(FILES) This file photo taken on December 04, 2015 shows smoke rising over the city of Taormina during an eruption of the Mount Etna, one of the most active volcanoes in the world, near Catania. Some tourists and journalists were slightly injured on March16, 2017 by a shower of lava and steam caused by an explosion on the Mount Etna, erupting again in Sicily (southern Italy), according to Italian medias and the BBC, present on site. PHOTO: Giovanni Isolino / AFP
Ten people were injured by flying rock and lava after Mount Etna, Europe’s biggest active volcano, burst into life on Thursday, according to a BBC journalist and others caught up in a terrifying drama on the upper slopes.
The 10 suffered minor burns, cuts and bruises and six were hospitalised.
German volcanologist Boris Behncke described on his Facebook page how the explosion was triggered by a build-up of steam after molten lava overran a layer of snow. “I received a bruise on the head but I am fine,” said the Etna specialist.
The explosion occurred at 12.43pm (1143 GMT) when the steam trapped between the lava and the surface of the mountain escaped in a powerful burst, Stefano Branca, of the Italian institute of geology and volcanology (INGV), told AFP.
There were around 35 people in the area close to the explosion, including a BBC team, 15 tourists, scientists and guides, said Nino Borzi, mayor of Nicolosi, the closest residential area. “There were 10 injuries but none serious,” he said.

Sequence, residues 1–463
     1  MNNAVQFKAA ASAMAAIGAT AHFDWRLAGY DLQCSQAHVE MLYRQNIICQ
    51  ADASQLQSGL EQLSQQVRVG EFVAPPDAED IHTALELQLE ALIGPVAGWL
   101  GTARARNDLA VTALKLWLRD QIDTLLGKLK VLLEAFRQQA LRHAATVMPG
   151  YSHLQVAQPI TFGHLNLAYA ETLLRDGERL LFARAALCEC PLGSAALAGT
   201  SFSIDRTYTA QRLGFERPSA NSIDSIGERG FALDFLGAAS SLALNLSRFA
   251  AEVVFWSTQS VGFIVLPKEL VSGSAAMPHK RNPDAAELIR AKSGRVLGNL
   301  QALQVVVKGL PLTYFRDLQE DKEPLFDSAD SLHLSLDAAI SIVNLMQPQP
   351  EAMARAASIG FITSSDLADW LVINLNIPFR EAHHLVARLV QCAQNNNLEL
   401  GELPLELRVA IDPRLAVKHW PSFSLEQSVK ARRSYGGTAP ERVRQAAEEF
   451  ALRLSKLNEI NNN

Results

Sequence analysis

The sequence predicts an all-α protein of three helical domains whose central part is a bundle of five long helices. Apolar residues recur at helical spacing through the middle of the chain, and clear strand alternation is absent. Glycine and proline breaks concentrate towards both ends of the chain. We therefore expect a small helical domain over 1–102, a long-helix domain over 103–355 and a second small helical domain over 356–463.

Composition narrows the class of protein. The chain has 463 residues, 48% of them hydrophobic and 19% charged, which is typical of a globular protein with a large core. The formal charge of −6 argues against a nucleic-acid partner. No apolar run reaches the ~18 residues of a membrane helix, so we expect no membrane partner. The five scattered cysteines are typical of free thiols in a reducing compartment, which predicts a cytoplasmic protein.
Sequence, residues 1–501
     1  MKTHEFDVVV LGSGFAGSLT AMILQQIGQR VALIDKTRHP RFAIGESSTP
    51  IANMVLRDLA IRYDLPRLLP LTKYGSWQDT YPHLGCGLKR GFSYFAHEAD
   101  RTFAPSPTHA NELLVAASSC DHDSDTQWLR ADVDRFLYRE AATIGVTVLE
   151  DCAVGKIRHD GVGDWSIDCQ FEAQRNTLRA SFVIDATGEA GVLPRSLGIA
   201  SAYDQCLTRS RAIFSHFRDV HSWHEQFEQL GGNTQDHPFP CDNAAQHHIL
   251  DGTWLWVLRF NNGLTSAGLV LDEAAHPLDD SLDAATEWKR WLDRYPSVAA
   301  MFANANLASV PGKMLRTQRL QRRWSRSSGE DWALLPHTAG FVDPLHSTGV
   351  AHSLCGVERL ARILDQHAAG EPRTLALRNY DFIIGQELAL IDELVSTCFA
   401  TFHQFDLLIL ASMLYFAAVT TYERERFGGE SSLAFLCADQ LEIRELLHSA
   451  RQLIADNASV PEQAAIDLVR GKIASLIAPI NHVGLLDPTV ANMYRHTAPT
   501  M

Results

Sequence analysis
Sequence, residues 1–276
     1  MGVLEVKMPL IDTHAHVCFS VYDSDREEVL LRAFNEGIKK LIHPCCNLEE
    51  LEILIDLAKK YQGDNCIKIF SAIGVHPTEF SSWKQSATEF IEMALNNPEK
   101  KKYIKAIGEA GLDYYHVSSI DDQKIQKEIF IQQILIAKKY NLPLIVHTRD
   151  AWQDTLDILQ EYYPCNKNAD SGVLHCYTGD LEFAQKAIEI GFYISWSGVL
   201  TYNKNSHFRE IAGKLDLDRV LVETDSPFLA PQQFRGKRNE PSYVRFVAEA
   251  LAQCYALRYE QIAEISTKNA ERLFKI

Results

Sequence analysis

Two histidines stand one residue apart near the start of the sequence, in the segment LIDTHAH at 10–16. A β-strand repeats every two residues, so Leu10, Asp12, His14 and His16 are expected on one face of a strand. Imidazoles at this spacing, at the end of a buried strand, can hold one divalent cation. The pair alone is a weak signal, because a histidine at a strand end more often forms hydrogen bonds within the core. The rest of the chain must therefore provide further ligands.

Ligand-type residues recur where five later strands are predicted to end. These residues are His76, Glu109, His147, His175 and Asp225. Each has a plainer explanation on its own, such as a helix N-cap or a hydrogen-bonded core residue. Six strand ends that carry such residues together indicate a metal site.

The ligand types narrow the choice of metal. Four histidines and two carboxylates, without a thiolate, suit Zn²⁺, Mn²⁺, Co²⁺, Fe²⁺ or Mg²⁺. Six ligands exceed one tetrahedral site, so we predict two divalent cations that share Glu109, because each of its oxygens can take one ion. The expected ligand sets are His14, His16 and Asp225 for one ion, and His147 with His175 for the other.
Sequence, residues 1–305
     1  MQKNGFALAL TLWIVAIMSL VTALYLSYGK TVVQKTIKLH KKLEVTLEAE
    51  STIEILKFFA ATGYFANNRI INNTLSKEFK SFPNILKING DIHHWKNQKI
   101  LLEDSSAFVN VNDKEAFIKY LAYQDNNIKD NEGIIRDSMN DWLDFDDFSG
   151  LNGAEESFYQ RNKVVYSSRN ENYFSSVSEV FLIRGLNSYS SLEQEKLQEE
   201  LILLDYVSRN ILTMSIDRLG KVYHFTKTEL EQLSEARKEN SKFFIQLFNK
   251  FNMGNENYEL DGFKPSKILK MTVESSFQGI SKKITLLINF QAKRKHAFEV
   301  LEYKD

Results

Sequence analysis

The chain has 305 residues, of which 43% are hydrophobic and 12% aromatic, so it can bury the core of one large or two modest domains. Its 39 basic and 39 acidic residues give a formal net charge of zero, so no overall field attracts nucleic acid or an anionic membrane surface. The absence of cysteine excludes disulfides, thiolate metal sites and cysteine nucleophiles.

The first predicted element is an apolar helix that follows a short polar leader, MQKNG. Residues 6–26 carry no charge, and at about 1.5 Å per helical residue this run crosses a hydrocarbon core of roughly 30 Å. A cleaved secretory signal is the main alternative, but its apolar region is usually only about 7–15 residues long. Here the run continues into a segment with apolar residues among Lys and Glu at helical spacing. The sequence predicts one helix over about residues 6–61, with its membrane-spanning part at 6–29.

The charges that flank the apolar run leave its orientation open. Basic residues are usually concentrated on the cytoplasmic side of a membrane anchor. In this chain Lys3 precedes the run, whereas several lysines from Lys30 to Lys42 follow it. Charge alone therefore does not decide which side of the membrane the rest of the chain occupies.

BBC science correspondent Rebecca Morelle tweeted that it could easily have been much worse.
“Everyone taken off the mountain – rescue team and guides here were brilliant,” she wrote on Twitter, adding: “BBC team all ok – some cuts/ bruises and burns. Very shaken though – it was extremely scary.”
Morelle said a volcanologist with them on the peak described the incident as the most dangerous in his 30-year career.
“Explosions like this have killed,” she added.
“Running down a mountain pelted by rocks, dodging burning boulders and boiling steam – not an experience I ever ever want to repeat.”
The incident happened as Etna burst into life again, two and a half weeks after its first eruption in over a year.
The eruption, from a crater on the southeastern side of the 3,000-metre (9,800-foot) peak, sent rocks and molten lava some 200 metres into the sky above Sicily.